Chrysler is now looking at a makeover of Jeep marketing. It recently announced it was talking to ad agencies beyond BBDO, Detroit, which handles all of Chrysler's North American advertising. Part of the future of Jeep, say Chrysler insiders, is to put alternative-fuel vehicles into the franchise to steel its image with outdoors-minded consumers. Chrysler has sold a limited supply of Liberty diesels already. And it recently introduced a diesel Grand Cherokee. The engine, built by Mercedes-Benz, will produce 215 hp and 376 ft-lb of torque, estimated mileage is 19 mpg in the city and 23 mpg on the highway, and it produces 20% less carbon-dioxide emissions when compared with a standard gas engine. The current V-8 Grand Cherokee with similar torque and towing capacity gets 15/20 mpg.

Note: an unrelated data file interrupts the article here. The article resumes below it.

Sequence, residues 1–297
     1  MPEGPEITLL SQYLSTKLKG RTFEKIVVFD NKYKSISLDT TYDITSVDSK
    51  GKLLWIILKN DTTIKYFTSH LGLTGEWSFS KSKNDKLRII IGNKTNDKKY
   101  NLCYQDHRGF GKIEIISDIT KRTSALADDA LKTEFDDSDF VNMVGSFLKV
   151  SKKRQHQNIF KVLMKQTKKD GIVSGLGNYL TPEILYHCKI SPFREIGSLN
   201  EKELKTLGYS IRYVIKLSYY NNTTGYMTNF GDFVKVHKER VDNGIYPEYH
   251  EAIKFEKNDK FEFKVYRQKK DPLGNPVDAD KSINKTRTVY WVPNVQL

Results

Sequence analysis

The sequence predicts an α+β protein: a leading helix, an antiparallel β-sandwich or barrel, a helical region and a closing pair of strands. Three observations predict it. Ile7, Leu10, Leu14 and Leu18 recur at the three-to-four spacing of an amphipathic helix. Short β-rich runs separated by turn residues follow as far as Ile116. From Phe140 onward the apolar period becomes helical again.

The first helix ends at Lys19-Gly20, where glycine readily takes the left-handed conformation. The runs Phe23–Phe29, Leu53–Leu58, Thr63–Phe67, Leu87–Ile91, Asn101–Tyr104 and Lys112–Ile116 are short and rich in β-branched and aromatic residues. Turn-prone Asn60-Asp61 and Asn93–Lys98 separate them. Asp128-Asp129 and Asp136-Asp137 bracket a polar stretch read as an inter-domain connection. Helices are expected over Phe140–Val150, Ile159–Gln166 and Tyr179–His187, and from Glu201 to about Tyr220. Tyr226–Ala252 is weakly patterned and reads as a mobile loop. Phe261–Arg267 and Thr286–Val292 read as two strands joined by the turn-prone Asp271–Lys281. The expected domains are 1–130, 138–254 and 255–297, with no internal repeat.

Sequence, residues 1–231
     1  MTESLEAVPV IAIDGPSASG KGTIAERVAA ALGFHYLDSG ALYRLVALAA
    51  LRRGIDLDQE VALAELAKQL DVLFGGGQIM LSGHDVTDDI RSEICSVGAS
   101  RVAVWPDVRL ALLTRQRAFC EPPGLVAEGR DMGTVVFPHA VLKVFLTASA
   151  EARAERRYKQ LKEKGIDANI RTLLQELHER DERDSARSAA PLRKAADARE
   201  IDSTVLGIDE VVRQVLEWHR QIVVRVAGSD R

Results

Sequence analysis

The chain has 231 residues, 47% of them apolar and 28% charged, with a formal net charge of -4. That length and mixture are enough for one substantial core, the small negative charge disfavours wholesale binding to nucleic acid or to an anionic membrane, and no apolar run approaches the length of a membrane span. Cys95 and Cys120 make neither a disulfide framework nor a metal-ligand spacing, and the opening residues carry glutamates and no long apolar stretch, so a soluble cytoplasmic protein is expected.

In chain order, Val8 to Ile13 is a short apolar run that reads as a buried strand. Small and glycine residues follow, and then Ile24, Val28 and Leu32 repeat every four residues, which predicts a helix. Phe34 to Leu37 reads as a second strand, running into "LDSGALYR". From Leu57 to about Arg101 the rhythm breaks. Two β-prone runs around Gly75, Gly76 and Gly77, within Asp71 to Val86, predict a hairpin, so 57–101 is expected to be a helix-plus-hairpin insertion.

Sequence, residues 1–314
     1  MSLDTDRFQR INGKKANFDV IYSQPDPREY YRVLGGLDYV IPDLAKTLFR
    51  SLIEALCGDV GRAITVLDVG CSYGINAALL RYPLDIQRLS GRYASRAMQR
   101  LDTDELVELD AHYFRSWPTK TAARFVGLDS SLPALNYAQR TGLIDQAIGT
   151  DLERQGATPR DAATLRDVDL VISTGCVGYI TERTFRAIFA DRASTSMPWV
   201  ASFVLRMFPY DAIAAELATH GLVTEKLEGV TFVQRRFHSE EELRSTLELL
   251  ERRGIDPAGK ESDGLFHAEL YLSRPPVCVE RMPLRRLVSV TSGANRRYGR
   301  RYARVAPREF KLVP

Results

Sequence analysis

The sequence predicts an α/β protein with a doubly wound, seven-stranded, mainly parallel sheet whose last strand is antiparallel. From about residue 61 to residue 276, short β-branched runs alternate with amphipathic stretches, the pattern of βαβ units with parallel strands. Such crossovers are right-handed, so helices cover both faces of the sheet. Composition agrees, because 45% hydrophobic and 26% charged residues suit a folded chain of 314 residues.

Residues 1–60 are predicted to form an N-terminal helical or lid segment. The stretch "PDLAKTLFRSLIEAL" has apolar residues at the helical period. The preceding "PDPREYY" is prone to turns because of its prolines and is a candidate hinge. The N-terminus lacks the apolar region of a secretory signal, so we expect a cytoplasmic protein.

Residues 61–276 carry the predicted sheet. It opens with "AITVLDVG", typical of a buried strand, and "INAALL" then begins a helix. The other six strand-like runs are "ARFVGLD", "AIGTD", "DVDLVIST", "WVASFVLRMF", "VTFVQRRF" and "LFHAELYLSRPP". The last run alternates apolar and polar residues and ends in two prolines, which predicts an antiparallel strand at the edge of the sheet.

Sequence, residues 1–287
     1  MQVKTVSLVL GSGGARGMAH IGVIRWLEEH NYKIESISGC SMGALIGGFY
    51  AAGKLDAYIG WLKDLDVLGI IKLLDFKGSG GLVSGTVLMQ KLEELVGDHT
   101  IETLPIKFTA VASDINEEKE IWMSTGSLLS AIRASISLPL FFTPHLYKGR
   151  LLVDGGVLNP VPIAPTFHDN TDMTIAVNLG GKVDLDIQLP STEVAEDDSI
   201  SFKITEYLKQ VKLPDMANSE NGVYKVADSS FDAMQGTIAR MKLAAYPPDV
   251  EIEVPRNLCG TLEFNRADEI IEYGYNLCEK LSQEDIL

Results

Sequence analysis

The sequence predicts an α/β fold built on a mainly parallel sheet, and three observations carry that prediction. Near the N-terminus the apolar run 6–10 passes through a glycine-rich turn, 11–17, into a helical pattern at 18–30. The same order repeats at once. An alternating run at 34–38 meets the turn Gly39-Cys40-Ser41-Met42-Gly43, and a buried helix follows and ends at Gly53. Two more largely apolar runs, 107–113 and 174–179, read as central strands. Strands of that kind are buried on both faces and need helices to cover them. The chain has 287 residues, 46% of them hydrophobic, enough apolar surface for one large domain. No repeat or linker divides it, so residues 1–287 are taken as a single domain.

Still a Hot Property
However confused Jeep's image is in the U.S., the brand doesn't suffer from muddiness abroad except when it's four-wheeling through the muck of Chinese or Indonesian back roads or the sands of Iran and Dubai. Last year, 41% of Chrysler's sales abroad last year were Jeeps, compared with 22% in the U.S. And sales overseas were up 15%. Jesse Toprak, an analyst at Edmunds.com, says Jeep is an aspirational brand in markets such as China, South America, and the Middle East. "It's a very valuable global brand, which you can't say about Chrysler and Dodge," says Toprak.
Back in 1987, Chrysler paid $1.1 billion to take over American Motors from Renault, and the objective then was to get hold of the Jeep brand. Twenty years later, as the buyers circle Chrysler, Jeep is again at the top of the list of marketable assets.